“People should appreciate every moment they live in freedom,” he says in an interview from jail. “I never thought I could stay this long here. The worst thing is that every day is like the other. You wake up with nothing to do.”
He spends his days reading, writing and speaking to other prisoners. He shares a cell with sixty-six other men, in a room approximately forty square meters. There are no beds; prisoners sleep on the floor, with blankets provided by their families. For the first eight weeks, hardly any water was provided, and prisoners had to structure an equitable sharing system in order to shower. The cell is open for an hour a day, when prisoners can walk around the building but are not allowed outside.
Ever the journalist, Abdullah has spent much of his time in prison interviewing all of his fellow detainees and documenting their cases. He plans to write a book once he is released. He says those imprisoned with him include Islamists spanning different ideologies as well as street vendors, minors and even one man detained simply for standing near police on the day of the Rabaa raid who says he is staunchly opposed to Morsi, voted for his rival in the presidential election and took part in the anti-Morsi protest on June 30 and the pro-military one on July 26.
Like many other prisoners, the worst abuse Abdullah suffered occurred when he was first detained. Officers arrested him as he was walking out of Rabaa with Gehad past a security checkpoint. They asked for his ID, but all he had was his passport, which was filled with entry stamps from the countries across Africa where he had been deployed for Al Jazeera. “They considered me a spy,” he says. “They thought I was a big catch.”
He was taken to the nearby Cairo stadium, where prisoners were being mistreated and harassed by the police. The next morning he was transferred with several dozen others to a police station, where they were greeted by the notorious “welcome party”—a common practice of forcing incoming detainees to run through a gantlet of waiting soldiers, who beat and whip them with sticks and belts. Once inside, police stole money, watches and IDs from the prisoners while continuing to beat and humiliate them, Abdullah says.
All of them were eventually transferred to Abu Zaabal, where they have remained ever since, relying on regular supplies of food, water and other essentials from relatives, as is customary in Egypt’s crippled prison system.
“I do have hope,” he says. “But sometimes I feel down because my wife has to endure this in the beginning of our marriage. I am lucky she is a very strong lady and is supporting me when I should be supporting her.”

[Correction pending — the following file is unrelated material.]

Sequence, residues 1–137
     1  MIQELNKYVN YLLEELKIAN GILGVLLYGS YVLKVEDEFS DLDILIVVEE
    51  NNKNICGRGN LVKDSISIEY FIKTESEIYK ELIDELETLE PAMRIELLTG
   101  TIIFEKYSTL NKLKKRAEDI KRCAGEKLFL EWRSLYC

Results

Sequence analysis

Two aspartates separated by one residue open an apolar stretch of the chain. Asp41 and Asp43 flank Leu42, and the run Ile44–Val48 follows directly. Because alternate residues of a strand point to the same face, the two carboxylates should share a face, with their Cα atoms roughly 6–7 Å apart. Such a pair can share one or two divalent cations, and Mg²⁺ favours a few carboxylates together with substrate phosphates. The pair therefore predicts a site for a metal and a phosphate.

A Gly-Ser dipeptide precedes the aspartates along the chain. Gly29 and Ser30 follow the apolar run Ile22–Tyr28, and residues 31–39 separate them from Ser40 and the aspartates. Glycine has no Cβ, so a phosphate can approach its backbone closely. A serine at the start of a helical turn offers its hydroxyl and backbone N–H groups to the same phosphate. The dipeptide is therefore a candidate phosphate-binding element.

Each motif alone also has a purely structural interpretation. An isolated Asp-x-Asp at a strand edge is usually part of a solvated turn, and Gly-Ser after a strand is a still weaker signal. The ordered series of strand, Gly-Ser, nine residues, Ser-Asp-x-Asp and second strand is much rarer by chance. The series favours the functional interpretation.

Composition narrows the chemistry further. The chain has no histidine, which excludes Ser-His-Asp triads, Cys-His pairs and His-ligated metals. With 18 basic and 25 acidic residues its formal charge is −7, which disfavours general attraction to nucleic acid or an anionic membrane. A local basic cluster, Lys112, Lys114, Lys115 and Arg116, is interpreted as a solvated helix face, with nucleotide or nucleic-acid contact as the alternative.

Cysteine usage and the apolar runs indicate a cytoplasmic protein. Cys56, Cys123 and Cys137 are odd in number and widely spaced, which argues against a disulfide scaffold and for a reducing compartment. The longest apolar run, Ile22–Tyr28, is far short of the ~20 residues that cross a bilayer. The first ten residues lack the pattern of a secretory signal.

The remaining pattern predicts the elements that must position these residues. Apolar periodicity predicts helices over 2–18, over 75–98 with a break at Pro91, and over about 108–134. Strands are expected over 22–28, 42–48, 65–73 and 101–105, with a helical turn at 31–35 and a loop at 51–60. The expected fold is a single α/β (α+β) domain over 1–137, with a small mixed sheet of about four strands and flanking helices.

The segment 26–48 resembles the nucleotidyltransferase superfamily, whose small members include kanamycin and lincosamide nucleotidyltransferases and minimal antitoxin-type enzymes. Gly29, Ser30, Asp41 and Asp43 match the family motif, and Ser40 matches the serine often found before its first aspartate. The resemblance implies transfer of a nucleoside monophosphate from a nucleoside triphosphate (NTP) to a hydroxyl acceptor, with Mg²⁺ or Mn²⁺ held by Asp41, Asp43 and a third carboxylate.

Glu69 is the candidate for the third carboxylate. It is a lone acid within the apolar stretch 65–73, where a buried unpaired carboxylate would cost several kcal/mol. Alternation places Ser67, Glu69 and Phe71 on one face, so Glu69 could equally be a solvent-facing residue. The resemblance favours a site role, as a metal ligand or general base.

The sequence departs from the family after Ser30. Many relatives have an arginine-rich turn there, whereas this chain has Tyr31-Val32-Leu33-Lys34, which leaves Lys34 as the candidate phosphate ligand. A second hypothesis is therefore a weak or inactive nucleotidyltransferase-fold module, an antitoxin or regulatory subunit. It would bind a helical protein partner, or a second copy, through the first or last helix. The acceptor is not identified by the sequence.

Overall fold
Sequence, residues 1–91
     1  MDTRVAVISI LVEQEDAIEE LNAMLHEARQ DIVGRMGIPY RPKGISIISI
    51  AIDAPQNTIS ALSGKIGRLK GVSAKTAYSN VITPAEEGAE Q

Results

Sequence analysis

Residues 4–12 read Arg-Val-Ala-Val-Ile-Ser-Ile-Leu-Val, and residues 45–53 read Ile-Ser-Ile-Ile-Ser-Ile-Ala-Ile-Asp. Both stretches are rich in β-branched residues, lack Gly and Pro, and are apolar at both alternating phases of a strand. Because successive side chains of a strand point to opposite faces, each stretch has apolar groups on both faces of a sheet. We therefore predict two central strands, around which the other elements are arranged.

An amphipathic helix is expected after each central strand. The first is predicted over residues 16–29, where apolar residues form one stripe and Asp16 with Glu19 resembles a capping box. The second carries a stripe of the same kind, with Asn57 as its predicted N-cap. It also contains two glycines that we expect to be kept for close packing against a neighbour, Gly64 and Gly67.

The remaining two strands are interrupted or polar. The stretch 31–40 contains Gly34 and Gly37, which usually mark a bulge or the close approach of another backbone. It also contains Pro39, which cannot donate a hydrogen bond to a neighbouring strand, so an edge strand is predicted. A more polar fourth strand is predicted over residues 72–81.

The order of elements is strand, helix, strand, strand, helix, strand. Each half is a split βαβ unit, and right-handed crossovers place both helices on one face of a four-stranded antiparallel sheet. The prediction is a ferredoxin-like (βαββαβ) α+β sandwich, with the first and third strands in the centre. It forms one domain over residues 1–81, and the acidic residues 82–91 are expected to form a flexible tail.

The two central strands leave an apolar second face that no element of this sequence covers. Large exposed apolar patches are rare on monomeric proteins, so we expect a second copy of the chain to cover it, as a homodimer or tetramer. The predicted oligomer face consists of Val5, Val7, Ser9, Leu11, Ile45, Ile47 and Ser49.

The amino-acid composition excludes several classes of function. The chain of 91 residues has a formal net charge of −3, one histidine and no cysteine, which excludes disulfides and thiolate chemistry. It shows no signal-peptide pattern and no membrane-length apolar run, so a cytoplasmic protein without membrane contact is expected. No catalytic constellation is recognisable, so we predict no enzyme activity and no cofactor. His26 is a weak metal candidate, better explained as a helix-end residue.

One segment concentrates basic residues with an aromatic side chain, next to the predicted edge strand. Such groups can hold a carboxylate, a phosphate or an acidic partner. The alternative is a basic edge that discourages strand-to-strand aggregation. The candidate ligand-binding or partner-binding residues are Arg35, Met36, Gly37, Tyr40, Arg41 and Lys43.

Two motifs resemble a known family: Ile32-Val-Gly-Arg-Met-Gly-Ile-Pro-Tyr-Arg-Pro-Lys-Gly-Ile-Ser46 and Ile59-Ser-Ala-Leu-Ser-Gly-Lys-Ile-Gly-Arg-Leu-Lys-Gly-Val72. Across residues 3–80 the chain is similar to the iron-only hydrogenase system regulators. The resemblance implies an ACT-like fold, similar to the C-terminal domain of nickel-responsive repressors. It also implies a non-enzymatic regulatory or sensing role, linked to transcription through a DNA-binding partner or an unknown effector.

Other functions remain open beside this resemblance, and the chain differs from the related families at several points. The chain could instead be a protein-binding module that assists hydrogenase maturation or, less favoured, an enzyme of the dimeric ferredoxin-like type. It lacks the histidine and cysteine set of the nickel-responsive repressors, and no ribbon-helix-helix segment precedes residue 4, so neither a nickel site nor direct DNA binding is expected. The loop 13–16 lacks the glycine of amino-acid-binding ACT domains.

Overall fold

Abdullah has received scant backing for his plight from other journalists in Egypt outside of his friends. The Journalists’ Syndicate has not taken up his case, and calls for his release are largely absent in the local press. “Some Egyptian journalists are very happy about it, including people that we know,” says his brother Mosa’ab. “They think he deserves it.”
Abdullah’s network, Al Jazeera, has long been criticized as being heavily biased in favor of the Muslim Brotherhood and the Morsi government’s agenda. After Morsi’s ouster, authorities raided the offices of Al Jazeera’s local affiliate in Egypt and briefly detained its staff. In September, a Cairo court ordered the channel and three other stations to stop broadcasting, saying in its ruling that they “hurt national security.”
Yet the criticism did not just come from the military-backed government. Even Mosa’ab would argue with Abdullah over the channel’s coverage. “I would criticize Al Jazeera and tell him about my reservations and tell him to keep his integrity,” Mosa’ab says. “He always took the criticism well but did what he believed.”
“Every channel is biased or has its agenda, no channel is completely neutral,” Abdullah says. “I always challenge people to point to something I said on air, and I will face any allegations,” he says. “Our job is to help the weak. But unfortunately, in Egypt most journalists stand with those in power, either Mubarak or the Supreme Council of the Armed Forces or Sisi.”
In the deepening polarization following Morsi’s overthrow, many pundits on private media outlets have voiced complete support for the military, adopting its language of a “war on terror” and vilifying Al Jazeera and demonizing all Islamists as violent extremists unfit for political life.
“The polarization was a big divide that resulted in a lack of empathy and solidarity between journalists,” says Sherif Mansour, the Middle East and North Africa coordinator for the Committee to Protect Journalists. “This is one of the main reasons we’ve seen these attacks on journalists increase but also go unpunished.” Seven journalists, including Abdullah, are currently imprisoned in Egypt, according to Mansour, while dozens of others have been briefly detained.
Meanwhile, after months of a vicious crackdown targeting the Muslim Brotherhood and Morsi supporters, the Interior Ministry has turned its attention to the activist community that first launched and sustained the revolution. Prominent figures, like blogger Alaa Abd El Fattah and Ahmed Douma, have been arrested in the middle of the night at their homes and accused of violating a draconian new anti-protest law. Dozens of non-Islamist protesters—among them some of the country’s most notable female activists—have been detained during peaceful demonstrations and beaten and abused while in police custody. And security forces have tried to quell a growing firestorm of protest and dissent on university campuses with brute force, killing at least one student and arresting scores in mass sweeps.
“I don’t think the people who stood against Morsi wanted this,” Abdullah says. “The way things are going, nothing is going to change in Egypt.”